LIFESTYLE NEWS - Educators are now engaging with a stressed population of learners. Covid-19 has introduced a chronic threat to everyday living.
“As our children return to this new normal, we cannot simply pick up where we left off,” says Dr Natalie Solomon, Clinical Psychologist and Director of Research at Bellavista S.H.A.R.E.
“Things have changed. Schools look and feel different. Children cannot hug, touch or even be close to each other. Social distancing measures are now in place and masks have to be worn. While school is a place to learn, sometimes children’s brains and bodies are just not able to relax enough, or feel safe enough, to be able to let their guards down and learn.
“When the brain is stressed time centre’s go offline. When the emotional part of our brain takes over our cognitive brain goes offline. The body gets flooded with adrenaline, as a result, the primary focus of schools needs to move away from catching up on time and content missed, to containing and regulating young minds, preparing the foundations so they are available for learning.”
As children return to school our expectations mustn’t be unrealistic. We need to be aware that even before the pandemic the rates of anxiety, depression in children was high. Now even more so. We need to extend grace to our children.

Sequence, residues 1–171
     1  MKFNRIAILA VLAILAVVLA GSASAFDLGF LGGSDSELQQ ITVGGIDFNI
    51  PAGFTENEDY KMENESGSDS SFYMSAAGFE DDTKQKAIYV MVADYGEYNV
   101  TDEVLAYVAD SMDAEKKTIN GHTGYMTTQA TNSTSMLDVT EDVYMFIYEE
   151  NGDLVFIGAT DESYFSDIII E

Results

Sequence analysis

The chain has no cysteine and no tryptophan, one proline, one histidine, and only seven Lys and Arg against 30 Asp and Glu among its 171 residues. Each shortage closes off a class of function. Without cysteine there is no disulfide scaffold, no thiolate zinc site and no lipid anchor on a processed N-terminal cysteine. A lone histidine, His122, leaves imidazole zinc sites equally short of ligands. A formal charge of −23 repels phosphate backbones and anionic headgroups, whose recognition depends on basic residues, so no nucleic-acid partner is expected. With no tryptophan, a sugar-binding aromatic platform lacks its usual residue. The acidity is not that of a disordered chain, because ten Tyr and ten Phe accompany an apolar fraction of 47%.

“What we are seeing in the classroom is struggles with separation anxiety, lack of stamina, poor transitioning from one activity to another, friendship difficulties, low-level disruption and somatic responses like headaches and tummy aches.
“The idea of the Recovery Curriculum was introduced by Barry Carpenter. It is a framework, rather than a prescriptive tool. It is aware that every learner is potentially vulnerable to anxiety during the transition back. It notes that children’s behaviour and cognitive state will regress when they are anxious and have experienced trauma.
"The Recovery Curriculum has a focus on creating trauma-informed, nurturing spaces and puts the wellbeing of children at the forefront. The focus is on establishing emotional safety and collaborative relationships. here is a shift from academics to focus on reflection, relationships, and resilience resourcing.
“What do we want to do to help our children learn? Creating safety and managing uncertainty means we make use of emotional containment, connection, communication and a positive means to look forward towards the future.
“A trauma-informed classroom focuses on creating belonging, predictability, organisation, regulation, differentiation, and secure relationships. While the pandemic has left many students feeling stressed and uncertain about the future, schools can become places that help students learn and thrive in this uncertainty.”
Details: Visit www.bellavistashareonline.org.za